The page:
La Bandera whizzed Chris Hirst to San Sebastian, spiritual home of the Basque tapas known as pintxo
2 Ridgefield, Manchester M2 6EQ (0161 833 9019)

The first grilled item we experienced on our trip to Manchester was ourselves (15 minutes at approx 35°C). "Sorry, the windows don't work," announced the driver of our elderly cab, as we trundled out of Piccadilly station on a broiling afternoon. It rapidly emerged that the scally at the wheel had only the vaguest idea of our destination in the city centre. "First time in 11 years that I've not known an address round here." He peered at a bust-up A-Z while we fried in a traffic jam. "I'll knock yez a bit off." This turned out to be 50p.

A more pleasing form of transportation followed our release from the mobile oven. Seated in one of the bright yellow, semi-circular banquettes of La Bandera, my first bite into a squid croquette whizzed me to San Sebastian, spiritual home of the Basque tapas known as pintxo.

Resembling big grey gobstoppers, our four croquettes revealed an interior of gleaming black purée. Studded with squid and so very sweet, they were miniature masterpieces. The same went for the pan con tomate, boat-shaped toasts topped with a purée of perfectly ripe tomato, de-skinned and de-pipped, with salt crystals and a hefty punch of garlic. "Just heavenly," said my wife.

Such simple finesse is the work of Basque maestro Josetxo Arrieta. The "x" is a giveaway that he comes from a region that, going by restaurant ratings, has the best food in the world. Arrieta worked at two three-star restaurants in San Sebastian before being lured north for the opening of La Bandera (Spanish for "flag") last December. "The owners are from the Canaries," explained the manager, Mauricio. Hence, perhaps, the bright-yellow banquettes. "They'd been here 10 years and were missing Spanish food in Manchester." Seating 40, the restaurant was half-full on a sunny Friday lunchtime. "We'll be packed tonight and tomorrow," said Mauricio. The high Spanish content of the current Man U squad will scarcely diminish its popularity.

Our next dish involved a move to Spain's north-west for the Galician favourite of octopus with potatoes. Arrieta's rendition produced some of the most luscious and tender cephalopod I've ever eaten. Paprika-dusted tentacles cut in to large and small chunks were piled on four rounds of boiled potatoes. The double row of suckers indicated that the octopus, like most of the ingredients at La Bandera, was imported from warmer latitudes. My own attempts with English octopus (one row of suckers) are India rubber by comparison. I could have happily consumed the expatriate mollusc four times over. Maybe five.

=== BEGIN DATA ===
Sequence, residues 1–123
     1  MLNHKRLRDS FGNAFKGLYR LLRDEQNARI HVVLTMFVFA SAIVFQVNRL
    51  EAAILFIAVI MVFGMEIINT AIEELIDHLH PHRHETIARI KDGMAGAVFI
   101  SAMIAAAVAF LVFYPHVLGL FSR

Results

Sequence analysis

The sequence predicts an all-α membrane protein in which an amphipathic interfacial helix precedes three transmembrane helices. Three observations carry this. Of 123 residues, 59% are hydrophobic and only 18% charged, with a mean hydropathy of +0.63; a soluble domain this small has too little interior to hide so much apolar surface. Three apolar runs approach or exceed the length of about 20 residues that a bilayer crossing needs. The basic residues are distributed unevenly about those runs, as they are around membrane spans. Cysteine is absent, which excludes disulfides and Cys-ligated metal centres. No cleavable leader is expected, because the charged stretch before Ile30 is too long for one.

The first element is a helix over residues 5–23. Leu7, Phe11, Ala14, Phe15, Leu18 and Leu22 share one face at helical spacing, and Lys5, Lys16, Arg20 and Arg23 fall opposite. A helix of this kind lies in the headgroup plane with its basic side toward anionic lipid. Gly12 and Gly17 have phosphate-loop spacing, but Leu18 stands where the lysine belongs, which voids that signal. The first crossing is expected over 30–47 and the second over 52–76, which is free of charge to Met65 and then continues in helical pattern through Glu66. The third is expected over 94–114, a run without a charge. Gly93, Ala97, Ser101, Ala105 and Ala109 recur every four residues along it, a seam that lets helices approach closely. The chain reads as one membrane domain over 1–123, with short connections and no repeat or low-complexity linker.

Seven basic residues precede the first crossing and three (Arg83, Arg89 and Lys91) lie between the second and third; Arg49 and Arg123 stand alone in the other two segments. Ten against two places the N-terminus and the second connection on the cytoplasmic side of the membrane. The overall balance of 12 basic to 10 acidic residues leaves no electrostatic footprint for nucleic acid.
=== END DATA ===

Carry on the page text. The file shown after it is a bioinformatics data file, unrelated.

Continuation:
We returned to Catalonia for slow-cooked Iberian pig cheeks in Pedro Ximenez sauce, which were fall-apart tender and imbued with sherry richness. A vegetable dish of tomato, aubergine, asparagus, courgette, onion and two slices from a large porcini was simply grilled, but with great delicacy, drawing out the sugar in the vegetables without a hint of burning. My wife was in ecstasies: "I love them." Then it was back to Galicia for clams and king prawns in a salsa verde broth, whose excessive salinity was the one false step of the meal. (It should be said that Señor Arrieta was on holiday at the time of our visit.)

A Mediterranean salad costing a mere £5.95 was an impressive statement of Arrieta's skills. Salad leaves and lightly grilled strips of del piquillo peppers were cleverly woven into a tight little nest topped with tuna flakes and slices of red shallot, which were endowed with the restaurant's trademark sweetness. We never made it to the main courses, though neighbours to the left had a huge lobster-and-rice dish, while six large plates of cod and prawns were delivered to the right.

If it were up to me, La Bandera would simply stick to pintxos. I recall numerous excellent dishes in a stand-up pintxos joint in San Sebastian, called La Cuchara de San Telmo, that would satisfy the traditional Mancunian taste for viscera. A city that once boasted a 146-strong chain of tripe shops called UCP (United Cattle Products) in its environs would surely lap up such Basque treats as tripe in tomato sauce, crisp pigs' ears with balsamic vinegar, beef cheek, crisp cod cheeks with celeriac, roast trotters in a zingy chimichurri sauce…

Doubtless the owners and chef at La Bandera know their audience, but their pintxos are so good, it seems a shame not to cater for the growing appetite for smaller, more adventurous dishes. Nieves Barragan Mohacho, the acclaimed head chef of Barrafina, in London, serves nothing but pintxos – and the chain has just opened its third branch. After seven pintxos, we just managed to resist a finale of crema catalana, and were perfectly fuelled for a quick tour of Manchester's excellent art gallery, and then back to the station. This time we walked.

Food ****
Ambience ****
Service ****

2 Ridgefield, Manchester M2 6EQ (0161 833 9019). Around £30 per person, before drnks and service